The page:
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Roller Rink Guy
He speeds past, cutting a dark figure in black mock turtleneck and black cargo pants, black roller skates. Smoothly circling the floor at a speed higher than anyone else’s but not appearing to expend any energy whatsoever. He’s in a zone, eyes staring at nothing, his charcoal hair slicked back. I watch him—part mockingly—because I’m young, part jealously because I don’t skate well, and part wondering what a guy like that can possibly be like outside the roller rink.
Other skaters flail about, showing off for each other, laughing, yelling, doing mock disco moves to the music. Other skaters hokey pokey or bunny hop or do the Hustle when the music dictates, slipping, falling down with a bump on the hard shiny floor as they attempt to shoot the duck, or careening into the burlap covered walls. I want to practice stops and turns and backward skating but figure I’ll look foolish. Other skaters take breaks on the benches where they adjust the leather tongues that have fallen down into their skates.
Not roller rink guy. He never stops. He glides smoothly, swiftly like a bird in flight. Effortlessly he hip-switches to glide backward, never bumping into anyone, although the floor is crowded, as though he has eyes in the back of his head.
Sometimes he executes a fancy move, a trick, but it doesn’t look premeditated; rather, it seems automatic, as a response to something deep inside his subconscious.
Now it’s couple skate. I never get asked to be anyone’s partner. I don’t ever expect to. I sit on the bench and adjust my laces and think about getting licorice from the vending machine that doesn’t sell gum. My two girlfriends just skate together to “Walkin’ in Memphis.” The lights dim and the spotlight hits the spinning disco ball making starlights twinkle all over the walls and floors of Skate Heaven. Couple skate is, for some reason, more sedate.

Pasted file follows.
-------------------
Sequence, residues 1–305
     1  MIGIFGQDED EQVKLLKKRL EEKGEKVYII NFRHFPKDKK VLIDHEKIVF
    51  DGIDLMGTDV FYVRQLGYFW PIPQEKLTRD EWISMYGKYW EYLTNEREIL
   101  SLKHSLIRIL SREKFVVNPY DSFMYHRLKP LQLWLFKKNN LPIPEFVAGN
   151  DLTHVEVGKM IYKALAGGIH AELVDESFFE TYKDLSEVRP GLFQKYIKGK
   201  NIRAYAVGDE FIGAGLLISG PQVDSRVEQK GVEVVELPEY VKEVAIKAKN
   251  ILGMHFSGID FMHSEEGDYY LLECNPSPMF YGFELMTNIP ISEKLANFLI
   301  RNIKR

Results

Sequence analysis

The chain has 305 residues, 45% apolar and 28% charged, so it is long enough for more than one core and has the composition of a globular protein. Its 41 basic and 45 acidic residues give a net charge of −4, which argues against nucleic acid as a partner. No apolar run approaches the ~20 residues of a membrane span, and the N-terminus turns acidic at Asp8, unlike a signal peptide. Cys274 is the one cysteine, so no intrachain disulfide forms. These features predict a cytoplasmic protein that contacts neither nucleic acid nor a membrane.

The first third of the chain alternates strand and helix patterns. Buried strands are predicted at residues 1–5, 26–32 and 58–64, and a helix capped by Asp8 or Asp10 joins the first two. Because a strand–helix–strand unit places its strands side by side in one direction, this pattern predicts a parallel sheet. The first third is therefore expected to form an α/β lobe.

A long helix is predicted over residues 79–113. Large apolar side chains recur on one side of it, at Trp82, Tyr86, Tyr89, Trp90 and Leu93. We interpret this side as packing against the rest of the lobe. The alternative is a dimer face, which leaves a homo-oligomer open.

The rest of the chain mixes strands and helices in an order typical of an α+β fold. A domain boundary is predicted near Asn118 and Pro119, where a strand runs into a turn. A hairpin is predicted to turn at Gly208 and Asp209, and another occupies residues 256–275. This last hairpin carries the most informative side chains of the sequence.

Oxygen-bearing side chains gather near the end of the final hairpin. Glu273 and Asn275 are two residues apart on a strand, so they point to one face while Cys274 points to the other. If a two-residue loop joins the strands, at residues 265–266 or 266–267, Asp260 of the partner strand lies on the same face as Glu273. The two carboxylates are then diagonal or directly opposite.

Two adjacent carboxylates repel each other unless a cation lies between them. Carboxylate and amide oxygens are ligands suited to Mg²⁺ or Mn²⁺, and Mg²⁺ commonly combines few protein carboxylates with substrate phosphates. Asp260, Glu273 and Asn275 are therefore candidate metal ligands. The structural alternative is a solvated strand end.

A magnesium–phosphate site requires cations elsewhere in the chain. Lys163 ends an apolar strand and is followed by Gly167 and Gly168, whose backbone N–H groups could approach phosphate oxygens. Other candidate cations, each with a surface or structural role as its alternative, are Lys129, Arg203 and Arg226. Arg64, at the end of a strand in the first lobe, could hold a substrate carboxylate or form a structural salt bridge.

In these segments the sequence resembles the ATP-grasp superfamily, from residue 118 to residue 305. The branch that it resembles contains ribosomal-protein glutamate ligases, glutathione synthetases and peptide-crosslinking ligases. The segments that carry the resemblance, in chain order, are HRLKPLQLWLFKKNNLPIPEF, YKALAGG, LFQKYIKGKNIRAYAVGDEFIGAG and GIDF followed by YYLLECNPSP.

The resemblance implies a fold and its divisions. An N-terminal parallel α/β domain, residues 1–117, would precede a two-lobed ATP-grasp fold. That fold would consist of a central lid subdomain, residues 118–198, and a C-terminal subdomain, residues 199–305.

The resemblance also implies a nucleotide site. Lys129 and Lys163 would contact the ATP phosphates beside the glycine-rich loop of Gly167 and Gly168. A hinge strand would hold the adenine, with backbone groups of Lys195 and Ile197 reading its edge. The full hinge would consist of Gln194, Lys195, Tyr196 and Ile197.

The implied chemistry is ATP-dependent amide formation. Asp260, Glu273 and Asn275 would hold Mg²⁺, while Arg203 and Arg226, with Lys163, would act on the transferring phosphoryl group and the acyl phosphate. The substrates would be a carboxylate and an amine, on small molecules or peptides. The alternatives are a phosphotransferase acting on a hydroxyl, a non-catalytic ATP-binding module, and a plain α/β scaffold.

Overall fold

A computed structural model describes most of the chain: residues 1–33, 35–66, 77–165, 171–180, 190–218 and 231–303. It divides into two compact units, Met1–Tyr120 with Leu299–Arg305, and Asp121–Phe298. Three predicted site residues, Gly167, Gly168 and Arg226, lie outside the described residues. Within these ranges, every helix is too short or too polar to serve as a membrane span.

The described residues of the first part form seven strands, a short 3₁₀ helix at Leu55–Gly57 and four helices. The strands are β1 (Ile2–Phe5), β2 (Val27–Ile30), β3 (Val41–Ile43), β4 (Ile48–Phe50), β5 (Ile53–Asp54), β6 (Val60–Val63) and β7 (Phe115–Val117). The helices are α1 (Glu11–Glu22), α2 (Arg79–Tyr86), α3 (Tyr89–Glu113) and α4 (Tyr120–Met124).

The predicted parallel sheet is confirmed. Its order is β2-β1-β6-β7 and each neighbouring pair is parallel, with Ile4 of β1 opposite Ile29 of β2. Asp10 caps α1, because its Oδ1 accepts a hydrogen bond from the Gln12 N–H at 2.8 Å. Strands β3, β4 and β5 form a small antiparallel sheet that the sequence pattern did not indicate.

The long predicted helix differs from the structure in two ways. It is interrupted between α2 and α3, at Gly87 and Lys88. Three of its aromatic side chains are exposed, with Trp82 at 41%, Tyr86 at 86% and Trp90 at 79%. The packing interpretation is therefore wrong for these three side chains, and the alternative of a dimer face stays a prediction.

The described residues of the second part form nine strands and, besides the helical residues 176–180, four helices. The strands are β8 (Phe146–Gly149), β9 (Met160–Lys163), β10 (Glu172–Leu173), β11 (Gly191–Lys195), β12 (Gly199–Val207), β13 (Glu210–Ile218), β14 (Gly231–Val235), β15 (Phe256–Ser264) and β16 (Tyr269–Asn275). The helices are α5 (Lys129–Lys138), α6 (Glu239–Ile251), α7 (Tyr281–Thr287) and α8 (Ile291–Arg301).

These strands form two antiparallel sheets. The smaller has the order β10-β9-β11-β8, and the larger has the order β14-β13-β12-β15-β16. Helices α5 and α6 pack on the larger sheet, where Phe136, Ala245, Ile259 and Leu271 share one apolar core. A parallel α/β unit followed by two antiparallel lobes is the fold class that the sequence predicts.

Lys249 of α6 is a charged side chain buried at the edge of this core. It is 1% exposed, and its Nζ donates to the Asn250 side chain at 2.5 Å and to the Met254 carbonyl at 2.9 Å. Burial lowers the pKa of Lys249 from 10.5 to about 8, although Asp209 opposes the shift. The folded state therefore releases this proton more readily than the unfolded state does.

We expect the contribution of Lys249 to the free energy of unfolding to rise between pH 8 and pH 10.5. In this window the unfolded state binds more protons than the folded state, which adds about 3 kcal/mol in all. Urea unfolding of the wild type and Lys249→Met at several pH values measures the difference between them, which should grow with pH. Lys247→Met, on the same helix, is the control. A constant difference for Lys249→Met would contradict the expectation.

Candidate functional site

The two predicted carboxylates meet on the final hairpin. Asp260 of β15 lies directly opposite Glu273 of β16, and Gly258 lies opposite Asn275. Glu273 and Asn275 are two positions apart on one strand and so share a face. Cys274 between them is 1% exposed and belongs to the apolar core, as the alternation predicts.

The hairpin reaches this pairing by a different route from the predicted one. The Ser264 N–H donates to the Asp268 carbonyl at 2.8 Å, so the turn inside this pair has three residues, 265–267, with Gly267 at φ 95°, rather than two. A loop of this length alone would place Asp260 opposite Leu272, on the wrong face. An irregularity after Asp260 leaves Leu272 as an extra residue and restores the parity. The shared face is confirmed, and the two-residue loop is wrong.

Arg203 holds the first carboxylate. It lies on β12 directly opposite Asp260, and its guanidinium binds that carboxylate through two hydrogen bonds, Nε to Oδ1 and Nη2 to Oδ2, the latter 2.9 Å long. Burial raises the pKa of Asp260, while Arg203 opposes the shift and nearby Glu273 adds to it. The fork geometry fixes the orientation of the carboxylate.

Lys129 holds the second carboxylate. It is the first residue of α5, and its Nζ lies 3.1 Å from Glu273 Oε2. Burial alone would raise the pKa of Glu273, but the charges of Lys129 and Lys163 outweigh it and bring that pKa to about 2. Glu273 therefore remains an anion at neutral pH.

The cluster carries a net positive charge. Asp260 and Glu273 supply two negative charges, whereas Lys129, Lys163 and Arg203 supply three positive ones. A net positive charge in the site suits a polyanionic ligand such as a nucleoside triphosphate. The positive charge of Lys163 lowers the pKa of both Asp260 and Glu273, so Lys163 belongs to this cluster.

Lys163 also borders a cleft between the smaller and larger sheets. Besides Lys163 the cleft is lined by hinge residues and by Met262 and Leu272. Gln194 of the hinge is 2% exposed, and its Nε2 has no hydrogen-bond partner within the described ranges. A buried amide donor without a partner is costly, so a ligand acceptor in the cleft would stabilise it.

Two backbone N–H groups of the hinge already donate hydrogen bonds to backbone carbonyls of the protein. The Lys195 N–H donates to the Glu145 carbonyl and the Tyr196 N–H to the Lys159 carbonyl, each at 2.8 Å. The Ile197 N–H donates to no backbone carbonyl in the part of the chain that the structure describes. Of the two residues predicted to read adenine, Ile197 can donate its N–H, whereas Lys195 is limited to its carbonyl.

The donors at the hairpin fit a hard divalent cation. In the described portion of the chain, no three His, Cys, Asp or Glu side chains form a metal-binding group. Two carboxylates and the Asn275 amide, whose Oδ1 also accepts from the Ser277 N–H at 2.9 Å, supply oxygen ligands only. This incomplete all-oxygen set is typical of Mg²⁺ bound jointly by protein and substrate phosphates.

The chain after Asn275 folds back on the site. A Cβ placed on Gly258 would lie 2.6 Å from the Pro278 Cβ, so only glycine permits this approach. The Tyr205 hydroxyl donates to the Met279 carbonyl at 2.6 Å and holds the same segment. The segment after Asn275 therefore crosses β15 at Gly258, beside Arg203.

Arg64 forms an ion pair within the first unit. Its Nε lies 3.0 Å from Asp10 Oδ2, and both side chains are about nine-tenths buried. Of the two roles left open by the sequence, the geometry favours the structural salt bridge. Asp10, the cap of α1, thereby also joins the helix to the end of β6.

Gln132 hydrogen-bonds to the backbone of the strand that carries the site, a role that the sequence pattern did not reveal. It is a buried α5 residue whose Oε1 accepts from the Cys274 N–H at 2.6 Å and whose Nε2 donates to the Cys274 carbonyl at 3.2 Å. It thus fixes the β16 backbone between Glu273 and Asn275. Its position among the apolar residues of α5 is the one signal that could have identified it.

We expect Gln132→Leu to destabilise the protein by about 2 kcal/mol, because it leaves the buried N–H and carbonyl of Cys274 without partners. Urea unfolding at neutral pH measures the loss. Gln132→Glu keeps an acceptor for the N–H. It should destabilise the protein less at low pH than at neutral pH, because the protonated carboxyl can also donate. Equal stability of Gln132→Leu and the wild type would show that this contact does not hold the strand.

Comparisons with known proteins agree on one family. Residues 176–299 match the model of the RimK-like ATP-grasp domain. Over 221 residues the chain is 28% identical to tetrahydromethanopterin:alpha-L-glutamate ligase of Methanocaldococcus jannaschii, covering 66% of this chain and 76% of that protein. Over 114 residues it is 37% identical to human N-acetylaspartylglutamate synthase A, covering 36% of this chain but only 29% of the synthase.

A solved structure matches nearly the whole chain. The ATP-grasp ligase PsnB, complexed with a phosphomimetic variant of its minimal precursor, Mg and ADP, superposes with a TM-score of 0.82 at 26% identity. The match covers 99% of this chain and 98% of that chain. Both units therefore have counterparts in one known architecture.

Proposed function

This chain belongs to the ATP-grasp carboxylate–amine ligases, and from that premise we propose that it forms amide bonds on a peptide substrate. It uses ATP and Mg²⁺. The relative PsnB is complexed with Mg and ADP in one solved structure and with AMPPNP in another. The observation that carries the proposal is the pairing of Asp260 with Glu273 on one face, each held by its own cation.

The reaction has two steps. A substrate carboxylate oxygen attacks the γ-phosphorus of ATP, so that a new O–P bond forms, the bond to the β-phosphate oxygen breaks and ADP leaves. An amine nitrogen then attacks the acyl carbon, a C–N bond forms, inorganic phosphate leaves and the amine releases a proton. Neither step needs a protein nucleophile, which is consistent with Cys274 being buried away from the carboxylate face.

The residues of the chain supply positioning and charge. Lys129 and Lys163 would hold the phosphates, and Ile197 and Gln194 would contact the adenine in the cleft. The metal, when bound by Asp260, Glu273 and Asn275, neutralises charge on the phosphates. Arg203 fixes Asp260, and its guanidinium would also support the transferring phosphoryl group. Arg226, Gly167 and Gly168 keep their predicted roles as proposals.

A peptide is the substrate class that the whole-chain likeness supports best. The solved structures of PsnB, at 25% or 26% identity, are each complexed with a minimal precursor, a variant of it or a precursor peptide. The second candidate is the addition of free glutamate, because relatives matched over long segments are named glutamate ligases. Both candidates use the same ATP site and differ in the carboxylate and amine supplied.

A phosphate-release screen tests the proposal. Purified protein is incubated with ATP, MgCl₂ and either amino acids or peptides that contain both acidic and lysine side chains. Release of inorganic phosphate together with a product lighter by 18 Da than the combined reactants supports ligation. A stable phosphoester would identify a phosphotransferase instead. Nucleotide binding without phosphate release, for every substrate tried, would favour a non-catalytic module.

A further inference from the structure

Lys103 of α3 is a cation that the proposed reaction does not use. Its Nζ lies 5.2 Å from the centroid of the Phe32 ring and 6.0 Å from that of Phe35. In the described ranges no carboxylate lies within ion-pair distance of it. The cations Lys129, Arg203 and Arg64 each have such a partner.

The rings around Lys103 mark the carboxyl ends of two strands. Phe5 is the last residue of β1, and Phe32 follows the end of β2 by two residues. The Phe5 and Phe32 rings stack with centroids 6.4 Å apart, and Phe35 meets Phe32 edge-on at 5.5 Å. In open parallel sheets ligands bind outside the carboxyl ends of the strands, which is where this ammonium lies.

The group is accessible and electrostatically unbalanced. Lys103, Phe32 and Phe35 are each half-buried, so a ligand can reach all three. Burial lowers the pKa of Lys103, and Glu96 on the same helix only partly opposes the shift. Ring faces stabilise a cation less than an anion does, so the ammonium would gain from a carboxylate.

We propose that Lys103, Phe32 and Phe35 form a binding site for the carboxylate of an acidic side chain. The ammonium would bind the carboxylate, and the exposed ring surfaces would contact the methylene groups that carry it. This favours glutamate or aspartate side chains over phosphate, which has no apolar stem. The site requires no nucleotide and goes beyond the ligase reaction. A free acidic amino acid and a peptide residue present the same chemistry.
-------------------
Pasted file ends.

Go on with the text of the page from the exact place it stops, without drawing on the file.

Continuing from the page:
I glance over at roller rink guy. He has snapped out of his zone and looks aware of the world for the first time all afternoon. Couples speed past him, just as, I assume, life most likely does. And love. In all his strange beauty it occurs to me he’s surely lonely.
I feel in my pocket for change and try to decide between red and black licorice.
He looks momentarily lost. Will he defy the announcer’s couple-skate edict and continue his solo flight around the rink? Or will he decide now is the time to quench his thirst or even to remove his skates and go to wherever he lives?
Wordlessly, Roller Rink Guy glides toward the gateway to the benches. He must be leaving. I’m surprised at my own disappointment. I rather enjoyed watching his soaring skills.
Looking down at my laces again, I see his black skate’s rubber stopper drag him to a halt alongside the bench where I sit and instinctively I glance up at him. Roller Rink Guy stares down at me, then, after a double-take extends his hand toward me. Against my natural inclinations, had I given it any thought, I accept his hand and rise. He leads me out onto the rink and we join the clockwise swirl of polyurethane wheels. With my arm linked in his, all his smooth energy seems to seep into my usually awkward, flailing body, and I find myself suddenly lighter, flowing, floating almost. Roller Rink Guy reaches across to grasp my other hand as well and spins me so I’m sailing backwards around the floor, and I glide without thought or fear in his confident guidance.
The song ends, and the lights come up. He thanks me in a low voice and releases my hands, then skates off alone once again, once again resuming his solo flight. I pause near the railing by the benches and watch him sail away in the sea of bodies.